Problem:  Measuring Emissions Reductions.  It is inherently difficult to measure the amount of emissions cut by a carbon offset project, and research yields different conclusions.  Take carbon offsets for the absorption of greenhouse gases by planting new trees.  Estimating greenhouse gas uptake depends on the age of the trees, their growth rate, and climate and soil conditions.  Even after all these factors are considered, if the trees do not live as long as 100 years, they will not become net carbon absorbers.

Problem: Wasting Valuable Resources.  Working within the CDM system is often an inefficient way of cutting emissions.  For example, 30 percent of current carbon offset credits are paying for the capture and destruction of trifluoromethane (HFC-23), a greenhouse gas created as a byproduct of manufacturing refrigerant gases. A molecule of HFC-23 has 11,700 times the heat-trapping potential of CO2.   The carbon offset credits sold to reduce HFC-23 emissions from refrigerant plants in developing countries are currently twice as valuable as the refrigerants those plants produce. 

Researchers Michael W. Wara and David G. Victor estimate that HFC-23 emitters could receive as much as $7.15 billion from the sale of carbon offsets through the CDM.  By comparison, at a cost of less than $155.4 million, companies in developed countries could pay refrigerant plants directly to install technology to capture and destroy the emissions.  However, companies have little incentive to invest directly in projects to reduce HFC-23 emissions  because such investments are outside the CDM system, which requires that companies buy certified offsets from sellers in developing countries.  Thus, any reductions that result from direct investment would not count against the emissions cuts required by Kyoto.  Indeed, some analysts fear that the opposite effect may be occurring. Refrigerant producers could be increasing their HFC-23 output just to sell more carbon offsets to reduce the additional waste gas.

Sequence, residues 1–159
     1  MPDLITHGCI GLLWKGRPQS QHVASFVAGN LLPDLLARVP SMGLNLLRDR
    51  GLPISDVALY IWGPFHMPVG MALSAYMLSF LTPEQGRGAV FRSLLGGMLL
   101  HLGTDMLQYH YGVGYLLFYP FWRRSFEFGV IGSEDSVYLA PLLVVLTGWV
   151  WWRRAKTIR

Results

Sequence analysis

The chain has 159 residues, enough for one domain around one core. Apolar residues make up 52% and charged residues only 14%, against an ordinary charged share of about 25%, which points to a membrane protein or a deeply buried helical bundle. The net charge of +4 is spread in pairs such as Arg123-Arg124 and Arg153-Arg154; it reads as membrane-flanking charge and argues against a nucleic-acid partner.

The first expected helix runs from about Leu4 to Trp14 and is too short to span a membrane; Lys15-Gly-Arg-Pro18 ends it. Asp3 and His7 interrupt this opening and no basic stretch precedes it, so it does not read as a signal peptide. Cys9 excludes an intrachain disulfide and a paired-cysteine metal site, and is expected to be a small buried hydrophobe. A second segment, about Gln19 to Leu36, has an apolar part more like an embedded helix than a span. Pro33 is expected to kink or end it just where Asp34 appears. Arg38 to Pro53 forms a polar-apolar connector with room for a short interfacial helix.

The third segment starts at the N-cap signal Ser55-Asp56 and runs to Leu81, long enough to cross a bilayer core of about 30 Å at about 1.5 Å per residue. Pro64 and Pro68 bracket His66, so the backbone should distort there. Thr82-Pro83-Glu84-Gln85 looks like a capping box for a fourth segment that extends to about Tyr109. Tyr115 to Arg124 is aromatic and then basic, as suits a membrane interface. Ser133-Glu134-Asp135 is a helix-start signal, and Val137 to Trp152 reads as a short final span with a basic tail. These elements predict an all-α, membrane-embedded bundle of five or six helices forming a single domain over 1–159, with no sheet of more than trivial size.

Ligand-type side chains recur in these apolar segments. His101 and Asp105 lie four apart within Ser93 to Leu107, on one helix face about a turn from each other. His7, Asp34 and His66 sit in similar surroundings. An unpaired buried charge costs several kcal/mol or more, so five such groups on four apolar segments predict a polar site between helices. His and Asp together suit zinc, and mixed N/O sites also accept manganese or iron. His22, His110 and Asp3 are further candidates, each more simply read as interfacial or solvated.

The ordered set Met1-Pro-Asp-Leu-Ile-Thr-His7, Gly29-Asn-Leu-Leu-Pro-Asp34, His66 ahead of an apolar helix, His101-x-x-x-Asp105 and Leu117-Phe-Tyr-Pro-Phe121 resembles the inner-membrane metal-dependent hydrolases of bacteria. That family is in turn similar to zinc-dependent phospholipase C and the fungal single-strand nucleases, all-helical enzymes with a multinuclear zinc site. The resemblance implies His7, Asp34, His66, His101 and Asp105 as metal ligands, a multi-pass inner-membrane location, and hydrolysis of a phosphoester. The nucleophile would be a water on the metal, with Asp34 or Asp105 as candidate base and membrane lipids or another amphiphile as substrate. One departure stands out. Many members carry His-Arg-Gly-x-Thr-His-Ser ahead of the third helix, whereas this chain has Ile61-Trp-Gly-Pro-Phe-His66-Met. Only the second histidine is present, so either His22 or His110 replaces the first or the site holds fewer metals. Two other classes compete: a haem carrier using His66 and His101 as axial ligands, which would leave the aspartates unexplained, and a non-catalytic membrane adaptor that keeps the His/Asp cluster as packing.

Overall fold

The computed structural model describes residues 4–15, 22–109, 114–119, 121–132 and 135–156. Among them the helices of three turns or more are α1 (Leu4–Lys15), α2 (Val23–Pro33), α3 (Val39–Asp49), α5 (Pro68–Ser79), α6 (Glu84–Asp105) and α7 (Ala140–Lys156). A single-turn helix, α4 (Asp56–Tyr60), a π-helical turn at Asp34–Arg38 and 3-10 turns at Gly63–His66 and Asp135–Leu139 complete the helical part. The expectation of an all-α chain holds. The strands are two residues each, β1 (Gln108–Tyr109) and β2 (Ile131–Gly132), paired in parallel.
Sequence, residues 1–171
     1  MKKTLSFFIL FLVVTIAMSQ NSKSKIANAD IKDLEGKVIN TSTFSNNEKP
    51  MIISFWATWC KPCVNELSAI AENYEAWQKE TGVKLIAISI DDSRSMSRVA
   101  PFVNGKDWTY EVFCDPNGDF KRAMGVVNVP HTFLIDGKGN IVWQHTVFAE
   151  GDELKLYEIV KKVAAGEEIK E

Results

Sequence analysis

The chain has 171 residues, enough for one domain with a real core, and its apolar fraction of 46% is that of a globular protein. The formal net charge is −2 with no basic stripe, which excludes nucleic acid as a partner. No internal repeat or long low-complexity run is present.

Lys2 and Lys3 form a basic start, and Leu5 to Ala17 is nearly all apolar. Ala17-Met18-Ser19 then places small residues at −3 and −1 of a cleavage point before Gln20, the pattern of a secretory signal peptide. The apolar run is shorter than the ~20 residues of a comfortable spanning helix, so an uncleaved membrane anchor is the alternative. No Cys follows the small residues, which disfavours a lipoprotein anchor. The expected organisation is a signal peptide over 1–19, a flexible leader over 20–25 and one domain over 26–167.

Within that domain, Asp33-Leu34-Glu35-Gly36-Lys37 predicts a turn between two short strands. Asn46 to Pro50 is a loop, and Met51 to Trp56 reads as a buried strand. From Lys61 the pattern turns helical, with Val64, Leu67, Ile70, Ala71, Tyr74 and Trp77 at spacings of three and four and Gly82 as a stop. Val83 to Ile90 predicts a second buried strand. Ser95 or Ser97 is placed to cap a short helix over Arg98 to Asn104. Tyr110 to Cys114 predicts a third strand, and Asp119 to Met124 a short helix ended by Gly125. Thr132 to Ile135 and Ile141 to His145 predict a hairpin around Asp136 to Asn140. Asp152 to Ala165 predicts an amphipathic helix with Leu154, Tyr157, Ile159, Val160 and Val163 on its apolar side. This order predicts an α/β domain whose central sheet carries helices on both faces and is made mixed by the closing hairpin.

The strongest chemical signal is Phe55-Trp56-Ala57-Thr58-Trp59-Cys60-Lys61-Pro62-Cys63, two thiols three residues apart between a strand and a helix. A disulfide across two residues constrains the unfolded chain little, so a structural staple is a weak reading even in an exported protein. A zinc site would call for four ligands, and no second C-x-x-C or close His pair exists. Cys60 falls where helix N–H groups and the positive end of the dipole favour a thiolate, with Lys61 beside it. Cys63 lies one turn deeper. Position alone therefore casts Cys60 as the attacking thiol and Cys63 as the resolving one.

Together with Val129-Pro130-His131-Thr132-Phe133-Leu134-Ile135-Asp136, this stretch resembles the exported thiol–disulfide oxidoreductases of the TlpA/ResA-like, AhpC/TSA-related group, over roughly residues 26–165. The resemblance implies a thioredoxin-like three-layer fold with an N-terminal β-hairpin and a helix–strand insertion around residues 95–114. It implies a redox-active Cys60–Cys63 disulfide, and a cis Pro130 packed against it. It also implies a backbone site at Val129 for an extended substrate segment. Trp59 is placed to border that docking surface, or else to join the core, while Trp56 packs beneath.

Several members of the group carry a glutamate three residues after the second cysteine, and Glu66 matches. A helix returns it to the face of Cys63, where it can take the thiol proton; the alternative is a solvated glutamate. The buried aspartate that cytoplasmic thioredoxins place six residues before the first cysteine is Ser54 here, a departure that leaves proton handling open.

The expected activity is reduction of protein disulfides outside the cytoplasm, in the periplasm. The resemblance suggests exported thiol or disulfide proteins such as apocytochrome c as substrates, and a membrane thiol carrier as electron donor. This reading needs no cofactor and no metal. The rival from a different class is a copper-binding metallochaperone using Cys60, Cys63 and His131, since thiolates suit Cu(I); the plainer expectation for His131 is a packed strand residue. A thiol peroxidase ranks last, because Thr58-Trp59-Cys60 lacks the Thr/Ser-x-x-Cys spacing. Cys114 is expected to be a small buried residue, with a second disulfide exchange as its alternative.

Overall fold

"If the trees do not live as long as 100 years, they will not become net carbon absorbers."

Other Approaches.  Carbon credits are not the only way people seek to reduce or offset their own emissions.  For example, in competitive U.S. electric power markets, firms and individuals can voluntarily purchase electricity that is not produced by burning fossil fuels.  Since electric power consumption and emissions from fossil-fuel power plants can be measured clearly, it is relatively easy to determine how much greenhouse gas emissions are avoided. 

Although Europe's cap-and-trade program is expensive and has failed to reduce emissions, proposed U.S. climate change legislation would set up a similar program.  These proposals typically authorize U.S. firms to trade carbon offsets to meet a percentage of their greenhouse gas emissions cuts.   

Conclusion.  Congress should consider carefully the high costs of carbon offset schemes, and the problems of measuring and verifying reductions of greenhouse gas emissions under such systems, before including similar programs in domestic greenhouse-gas legislation.

H. Sterling Burnett is a senior fellow with the National Center for Policy Analysis.